Culture & Competency

Open Plan Offices: The Increased Noise Cancels the Collaborative Benefit

A new study published by the University of Sydney calls into question the value of open plan offices yet again.

Open plan offices attract the highest levels of worker dissatisfaction, with cramped quarters, lack of privacy and noise topping the list of gripes, a large study has found.

An open plan workplace, in which enclosed rooms are eschewed in favour of partitioned or non-partitioned desks arranged around a large room, are supposed to promote interaction between workers and boost teamwork.

However, a study of over 40,000 survey responses collected over a decade has found that the benefits for workers are quickly outweighed by the disadvantages.

The study, conducted by the University of Sydney and published in the Journal of Environmental Psychology, involved analysis of 42,764 survey samples collected in 303 office buildings in the US, Finland, Australia and Canada by the Center for the Built Environment at the University of California, Berkeley since 2000.

The findings:
– around 67% of respondents work in open plan offices.
– workers in open plan offices have “considerably higher” levels of dissatisfaction rates than those in enclosed offices.
– most respondents are dissatisfied with the condition of sound privacy.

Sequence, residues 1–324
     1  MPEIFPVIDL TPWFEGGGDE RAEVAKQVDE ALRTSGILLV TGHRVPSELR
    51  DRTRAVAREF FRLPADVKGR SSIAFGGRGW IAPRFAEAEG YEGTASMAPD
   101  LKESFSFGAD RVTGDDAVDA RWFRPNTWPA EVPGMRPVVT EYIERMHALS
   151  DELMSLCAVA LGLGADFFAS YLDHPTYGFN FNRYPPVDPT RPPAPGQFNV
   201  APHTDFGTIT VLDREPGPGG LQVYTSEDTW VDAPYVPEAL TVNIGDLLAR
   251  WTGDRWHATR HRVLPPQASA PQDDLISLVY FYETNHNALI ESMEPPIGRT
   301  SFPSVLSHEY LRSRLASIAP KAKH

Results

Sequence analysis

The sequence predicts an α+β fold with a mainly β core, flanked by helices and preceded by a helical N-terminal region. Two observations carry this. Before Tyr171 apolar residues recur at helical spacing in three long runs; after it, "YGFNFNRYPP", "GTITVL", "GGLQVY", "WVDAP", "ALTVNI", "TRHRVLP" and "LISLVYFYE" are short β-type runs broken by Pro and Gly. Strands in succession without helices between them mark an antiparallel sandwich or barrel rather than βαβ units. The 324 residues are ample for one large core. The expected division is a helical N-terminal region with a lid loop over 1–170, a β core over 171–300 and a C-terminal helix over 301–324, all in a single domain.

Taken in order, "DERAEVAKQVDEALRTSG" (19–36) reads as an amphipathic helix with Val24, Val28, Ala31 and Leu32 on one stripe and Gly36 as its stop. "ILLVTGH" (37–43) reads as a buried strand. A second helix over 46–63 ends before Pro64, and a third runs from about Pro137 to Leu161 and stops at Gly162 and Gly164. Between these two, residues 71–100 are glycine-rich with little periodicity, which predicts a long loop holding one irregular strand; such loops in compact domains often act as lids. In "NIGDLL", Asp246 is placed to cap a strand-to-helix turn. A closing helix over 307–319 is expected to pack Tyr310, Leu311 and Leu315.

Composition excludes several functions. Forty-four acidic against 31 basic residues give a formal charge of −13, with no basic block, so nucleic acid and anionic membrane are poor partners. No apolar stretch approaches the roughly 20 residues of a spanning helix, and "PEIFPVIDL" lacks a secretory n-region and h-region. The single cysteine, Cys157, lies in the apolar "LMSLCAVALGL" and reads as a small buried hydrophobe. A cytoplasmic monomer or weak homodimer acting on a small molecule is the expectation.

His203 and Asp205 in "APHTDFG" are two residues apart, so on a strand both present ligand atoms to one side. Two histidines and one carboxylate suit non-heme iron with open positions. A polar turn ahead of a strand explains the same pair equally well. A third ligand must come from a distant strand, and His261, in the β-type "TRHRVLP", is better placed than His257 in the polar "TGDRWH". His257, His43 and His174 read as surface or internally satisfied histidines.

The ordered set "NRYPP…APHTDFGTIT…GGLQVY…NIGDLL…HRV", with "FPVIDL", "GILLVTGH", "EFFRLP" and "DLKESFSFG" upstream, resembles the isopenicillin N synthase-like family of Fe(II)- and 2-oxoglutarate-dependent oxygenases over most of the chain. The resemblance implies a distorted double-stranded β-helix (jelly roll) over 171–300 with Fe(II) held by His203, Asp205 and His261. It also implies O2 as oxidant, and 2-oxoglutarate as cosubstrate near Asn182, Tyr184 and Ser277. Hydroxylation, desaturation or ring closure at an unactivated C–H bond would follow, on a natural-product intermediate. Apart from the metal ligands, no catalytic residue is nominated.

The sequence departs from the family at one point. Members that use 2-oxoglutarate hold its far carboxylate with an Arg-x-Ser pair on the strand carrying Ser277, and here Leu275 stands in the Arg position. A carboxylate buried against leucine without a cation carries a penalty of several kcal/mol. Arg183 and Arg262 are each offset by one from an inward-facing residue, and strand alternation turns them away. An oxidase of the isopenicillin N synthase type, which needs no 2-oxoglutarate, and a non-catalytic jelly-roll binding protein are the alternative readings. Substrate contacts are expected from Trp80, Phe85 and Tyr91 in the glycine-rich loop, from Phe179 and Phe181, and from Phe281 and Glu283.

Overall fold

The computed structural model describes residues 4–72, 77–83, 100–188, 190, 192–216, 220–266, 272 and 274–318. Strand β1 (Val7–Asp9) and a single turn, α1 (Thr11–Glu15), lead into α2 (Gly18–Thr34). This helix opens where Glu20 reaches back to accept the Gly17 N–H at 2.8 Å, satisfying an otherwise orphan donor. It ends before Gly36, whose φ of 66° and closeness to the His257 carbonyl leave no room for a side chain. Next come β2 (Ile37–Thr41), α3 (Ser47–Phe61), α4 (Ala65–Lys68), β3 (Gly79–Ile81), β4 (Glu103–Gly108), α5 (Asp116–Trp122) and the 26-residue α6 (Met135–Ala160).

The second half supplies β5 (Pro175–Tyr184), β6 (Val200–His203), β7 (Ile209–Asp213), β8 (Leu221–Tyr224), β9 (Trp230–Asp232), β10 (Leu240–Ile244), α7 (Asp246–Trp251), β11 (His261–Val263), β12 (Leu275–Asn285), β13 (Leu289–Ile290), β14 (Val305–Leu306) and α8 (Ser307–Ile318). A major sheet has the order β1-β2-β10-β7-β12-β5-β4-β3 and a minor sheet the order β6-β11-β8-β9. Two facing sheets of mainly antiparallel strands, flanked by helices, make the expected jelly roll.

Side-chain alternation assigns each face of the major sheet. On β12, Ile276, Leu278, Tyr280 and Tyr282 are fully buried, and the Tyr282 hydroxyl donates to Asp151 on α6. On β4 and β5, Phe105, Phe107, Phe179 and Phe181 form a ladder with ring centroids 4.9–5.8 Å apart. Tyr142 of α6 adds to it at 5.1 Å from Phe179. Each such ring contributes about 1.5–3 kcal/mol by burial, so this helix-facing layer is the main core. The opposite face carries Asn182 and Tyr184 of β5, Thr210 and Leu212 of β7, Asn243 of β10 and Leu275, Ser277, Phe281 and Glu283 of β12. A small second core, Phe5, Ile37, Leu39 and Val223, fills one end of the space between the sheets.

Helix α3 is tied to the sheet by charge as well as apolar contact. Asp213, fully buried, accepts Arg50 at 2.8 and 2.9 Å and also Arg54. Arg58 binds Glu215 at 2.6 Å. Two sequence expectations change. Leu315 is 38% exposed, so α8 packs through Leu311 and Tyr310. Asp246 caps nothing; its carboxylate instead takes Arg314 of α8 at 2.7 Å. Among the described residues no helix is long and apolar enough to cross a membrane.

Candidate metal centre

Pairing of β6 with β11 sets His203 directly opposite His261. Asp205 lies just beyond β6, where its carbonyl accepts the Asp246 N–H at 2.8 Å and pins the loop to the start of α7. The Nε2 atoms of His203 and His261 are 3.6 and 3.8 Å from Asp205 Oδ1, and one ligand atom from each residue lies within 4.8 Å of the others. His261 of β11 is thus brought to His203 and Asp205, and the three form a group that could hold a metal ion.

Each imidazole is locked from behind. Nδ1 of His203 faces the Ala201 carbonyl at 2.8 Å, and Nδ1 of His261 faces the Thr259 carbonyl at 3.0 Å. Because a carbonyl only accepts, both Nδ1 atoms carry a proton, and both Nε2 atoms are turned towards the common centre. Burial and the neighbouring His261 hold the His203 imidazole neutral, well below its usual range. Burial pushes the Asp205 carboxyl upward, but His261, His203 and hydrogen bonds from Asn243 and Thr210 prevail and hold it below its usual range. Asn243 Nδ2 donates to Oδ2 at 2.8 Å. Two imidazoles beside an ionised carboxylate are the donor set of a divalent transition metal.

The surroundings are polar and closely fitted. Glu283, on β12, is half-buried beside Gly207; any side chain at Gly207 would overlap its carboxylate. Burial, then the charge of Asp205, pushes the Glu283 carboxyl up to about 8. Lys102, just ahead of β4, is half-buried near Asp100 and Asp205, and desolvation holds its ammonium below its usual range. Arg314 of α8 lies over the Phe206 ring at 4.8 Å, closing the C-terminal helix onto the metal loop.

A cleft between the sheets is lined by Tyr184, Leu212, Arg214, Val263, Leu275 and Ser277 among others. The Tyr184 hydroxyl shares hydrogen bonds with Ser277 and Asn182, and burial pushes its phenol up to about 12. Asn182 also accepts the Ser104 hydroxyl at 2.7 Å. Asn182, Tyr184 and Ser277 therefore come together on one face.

– 20% to 40% of open plan occupants had high levels of dissatisfaction for visual privacy.

I thought this line was interesting in the article:

More than half of the occupants in open-plan cubicles (59 per cent for high partitioned cubicle and 58 per cent for low partitioned cubicle) and 49 per cent in open-plan with no or limited partitions expressed dissatisfaction with the condition of sound privacy, the analysis found.

My interpretation of this is that when there are no partitions, there is no expectation of sound privacy anyway, so only 49% of respondents expressed dissatisfaction. When some physical barriers were installed – high wall or low wall – the dissatisfaction rates went up. My reading of that is that people continued to have some hope for good sound privacy in such designs, but since that was not happening, they were increasingly dissatisfied.

And here’s the two winning lines:

What the data tells us is that, in terms of occupant satisfaction, the disadvantages brought by noise disruption were bigger than the predicted benefits of increased interaction.

“The productivity benefits of teams working together have been used to sell the open plan office for decades. Yet, if you do these evaluations and actually talk to occupants of open plan offices, very few people think that they are productive spaces. You need places to concentrate.”

If “collaboration” is equated in the minds of executives with open plan offices, it’s no wonder the term / reality gets a bad rap. Who would want to “collaborate” under such circumstances?

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